Miss Lancaster 1922
Elsie Mae Blumenstock, 19, was voted Miss Lancaster 1922. This photo, printed on the front page of the Lancaster Intelligencer, shows her in her bathing suit.
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Excerpts and summaries of news stories from the former Intelligencer Journal, Lancaster New Era and Sunday News that focus on the events in the county’s past that are noteworthy, newsworthy or just strange.

25 years ago

A new school year began at McCaskey High School on Aug. 27, 1997, after a massive renovation and expansion project that cost $18.5 million.

But it wasn't just new classrooms and infrastructure that students were exploring - they also got their first taste of a few new concepts in education.

Perhaps the most wide-reaching change was the idea of bringing the internet to education. Each classroom had four computers - three for students and one for the teacher. Previously, computers at McCaskey existed only in the writing center and computer lab.

The "restructuring" also saw students of different ages grouped together to study certain topics, and teachers working in teams instead of alone.

first day at new McCaskey High School, 1997
McCaskey High School students Jennifer Benson, left, and Jessica Shepps were happy to learn they were in the same journalism class in this photo from their first day at the new McCaskey High School, Aug. 27, 1997.

In the headlines:

Espy is charged with taking gifts as ag secretary

North Korea calls off talks with US

Diet drug tied to higher risk of heart disease, experts say

Check out the Aug. 21, 1997, Intelligencer Journal here.

50 years ago

A federally funded job placement program aimed at helping Vietnam veterans find work was unveiled in Lancaster on Aug. 28, 1972.

The program would involved training five people to be job placement interviewers, and encouraging both employers and prospective employees to use the Bureau of Employment Security as a shared resource.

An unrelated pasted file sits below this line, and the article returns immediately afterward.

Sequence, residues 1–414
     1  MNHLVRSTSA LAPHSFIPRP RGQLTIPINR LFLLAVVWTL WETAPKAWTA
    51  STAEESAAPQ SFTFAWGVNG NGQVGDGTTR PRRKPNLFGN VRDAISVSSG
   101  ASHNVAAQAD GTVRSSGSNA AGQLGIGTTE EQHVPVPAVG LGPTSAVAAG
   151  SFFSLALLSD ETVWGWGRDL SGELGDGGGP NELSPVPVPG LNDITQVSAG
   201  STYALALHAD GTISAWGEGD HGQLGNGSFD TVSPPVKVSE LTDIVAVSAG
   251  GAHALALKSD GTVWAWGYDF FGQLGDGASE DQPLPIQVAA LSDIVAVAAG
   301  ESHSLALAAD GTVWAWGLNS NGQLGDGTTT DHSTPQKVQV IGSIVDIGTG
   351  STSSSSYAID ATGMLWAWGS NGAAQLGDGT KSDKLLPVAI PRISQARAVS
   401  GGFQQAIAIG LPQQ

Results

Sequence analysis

Something like a pre-internet LinkedIn or Monster, the Bureau allowed job-seekers to register their names and a list of their skills. Bureau employees could then alert local companies of potential employees with skills matching posted job requirements.

The Lancaster program was part of a larger initiative to set up systems that could then be established in other cities nationwide. 

In the headlines:

Spitz wins two U.S. gold medals

Nixon plans to end draft

Pathologist hits theory of single JFK assassin

Check out the Aug. 21, 1972, Lancaster New Era here.

75 years ago

In August 1947, food prices were on the rise, and the New Era surveyed local homemakers for a front-page story about how they were trimming the cost of putting food on the table for their families.

Among the solutions city women had found:

  • Using half the usual amount of meat when making chili, and compensating by adding more beans.
  • Wearing clothes longer before replacing them, and shifting the clothing budget to food.
  • Playing meat bingo to win your dinner.
  • Buying hamburger instead of steak or pork chops.
  • Buying margarine instead of butter, or cutting back on butter in recipes.
  • Growing vegetables at home.
  • Serving occasional meatless "vegetable plates" for dinner.

In the headlines:

Military training for able-bodied youths is urged by Dewey

Truman, Pope trade views on freedom

$2 billion a year urged for US scientific research

Check out the Aug. 21, 1947, Lancaster New Era here.

100 years ago

A week after the final call for entries, the Miss Lancaster competition sponsored by the Lancaster Intelligencer, had selected its winner.

Elsie Mae Blumenstock, 19, of Poplar Street, took the prize and would soon be departing by train for Atlantic City, where she would compete for the title of Miss America.

Blumenstock and her chaperone would travel by parlor car to Philadelphia, where she would join other beauties from around the country for a film session with "moving picture men" before departing later in the day for the shore.

In Atlantic City, Blumenstock would be staying at The Breakers, a lavish boardwalk hotel. The next two days would be a whirlwind of appearances, entertainment and gifts, culminating in the final pageant.

In the headlines:

Rail board receives demand of 400,000 trackmen

75 miners trapped 3,000 feet below in gold shaft

Check out the Aug. 21, 1922, Lancaster Intelligencer here.

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